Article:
February is one month of the year when many people focus their attention (at least for one day) on their love for and appreciation of, someone else. On Valentine’s Day I often wonder if, for some people, that is the only time, they show their loved ones how much they care for them. I also get curious about the impact it can have if, for some reason, a ‘significant other’ doesn’t show their love in some traditional way (insert here…card, chocolates, flowers, romantic gesture etc..). Would it ruin their day? Could it cause an argument? Might they feel taken for granted?
When we receive love and appreciation, we can experience positive states such as security, confidence, goodwill, comfort, contentment. Love and appreciation can significantly contribute to our sense of self-worth and elevate our self-esteem.
However, to rely, or depend upon others to supply us with love and approval, in order to feel good about ourselves, can be a risky strategy. What if, on February 14th, there is no card, no chocolates, or flowers, no attention? How do we interpret that? On a regular day, what if the validation, feedback or appreciation we seek wanes, is inconsistent, or is not as forthcoming in the way we would like it to be? What if we do not receive any of the attention or support we want or expect from someone else, be that at home, or at work ….what does all this do to our self-esteem and self-confidence? Do we feel less deserving? Less special?
This got me thinking about the importance of healthy relationships and interdependence, a topic we cover on The Winning Edge programme when discussing the principle of ‘Understanding and Working with Human Nature’. When we have healthy relationships with others both parties know they can depend on each other and both are willing to collaborate. We co-operate independently and dependently. I communicate my needs and expectations and take responsibility for meeting them and I care about how I can support you to fulfil your needs.
When we are in co-dependent, or one-sided, relationships we tend to blame another when we do not get what we want. We are so closely connected to their needs and wants that we disregard our own. We feel powerless to decide or think for ourselves. We may believe we are not good enough, or not deserving of more. We can become needy, reactive and overwhelmed. We live our life according to what others expect of us, rather than create a life that is true to who we are and what we want. Often this leads to a pity party, a victim mindset, and a life driven by guilt and fear. These types of thoughts, feelings and behaviours trigger the stress response (the fight-flight-freeze response) which changes our body’s biochemistry. Harmful stress hormones such as cortisol and adrenaline spike and, if left unchecked over time, can cause dis-ease and illness.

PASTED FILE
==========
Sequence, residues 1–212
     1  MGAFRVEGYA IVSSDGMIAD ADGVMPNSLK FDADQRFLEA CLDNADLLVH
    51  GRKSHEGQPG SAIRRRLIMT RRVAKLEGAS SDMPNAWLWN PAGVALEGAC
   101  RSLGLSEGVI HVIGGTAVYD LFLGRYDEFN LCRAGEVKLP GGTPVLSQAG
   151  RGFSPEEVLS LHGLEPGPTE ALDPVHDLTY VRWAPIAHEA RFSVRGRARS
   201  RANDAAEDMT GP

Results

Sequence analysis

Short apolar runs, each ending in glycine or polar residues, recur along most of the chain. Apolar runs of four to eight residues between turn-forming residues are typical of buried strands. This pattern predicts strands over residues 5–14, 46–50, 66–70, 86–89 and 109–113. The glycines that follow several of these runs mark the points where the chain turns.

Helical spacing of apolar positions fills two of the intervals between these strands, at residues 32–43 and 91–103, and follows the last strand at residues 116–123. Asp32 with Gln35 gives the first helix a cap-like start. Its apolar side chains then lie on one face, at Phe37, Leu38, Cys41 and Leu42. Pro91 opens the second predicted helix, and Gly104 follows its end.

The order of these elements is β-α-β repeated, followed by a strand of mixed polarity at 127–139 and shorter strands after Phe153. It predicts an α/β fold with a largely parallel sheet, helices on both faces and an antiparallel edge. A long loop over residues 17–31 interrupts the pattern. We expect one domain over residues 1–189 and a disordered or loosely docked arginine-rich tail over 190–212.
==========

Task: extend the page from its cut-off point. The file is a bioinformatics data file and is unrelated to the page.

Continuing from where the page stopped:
Interdependent relationships first require self-love. If we do not love ourselves, it is challenging to receive and give in relationships. Happiness really does exist inside not outside of us. Once we connect the dots between our thoughts, feelings and actions, we can access this source and find our voice to express what we want, without fear or guilt. This placebo effect triggers the relaxation response, raising those addictive, ‘feel-good’ hormones in the body such as dopamine and serotonin.
If you have attended a Winning Edge programme, you will know that the most important person in your life, as far as your emotional wellbeing is concerned, is you. To enjoy interdependent, or healthy, relationships do not hand over your self-esteem to someone else and cross your fingers, hoping they do a good job. Pour your emotional energy into being you, doing you. Fill your own bucket with approval and appreciation and enjoy this week of love.
By Hazel Morley
About the Author: Hazel has worked as a Trainer, Facilitator and Coach for over 25 years, a number of which were spent as an Associate for Mancroft International. She believes in an inside-out approach to personal development and change and thrives on helping others who are ready to exercise their response-ability for being the best version of themselves. Her mantra is ‘always do what you think you might regret not doing’.
Hazel transformed her lifestyle in 2009, when she relocated to beautiful British Columbia, Canada. She gives credit to the Winning Edge principles for the nudge to move to the mountains. Since living in Canada, Hazel has expanded her portfolio of enabling others to achieve their career goals to include ways to create optimal health and live with vitality. She is fascinated by the power of the mind-body-lifestyle connection and the body’s innate ability to protect and heal us from disease.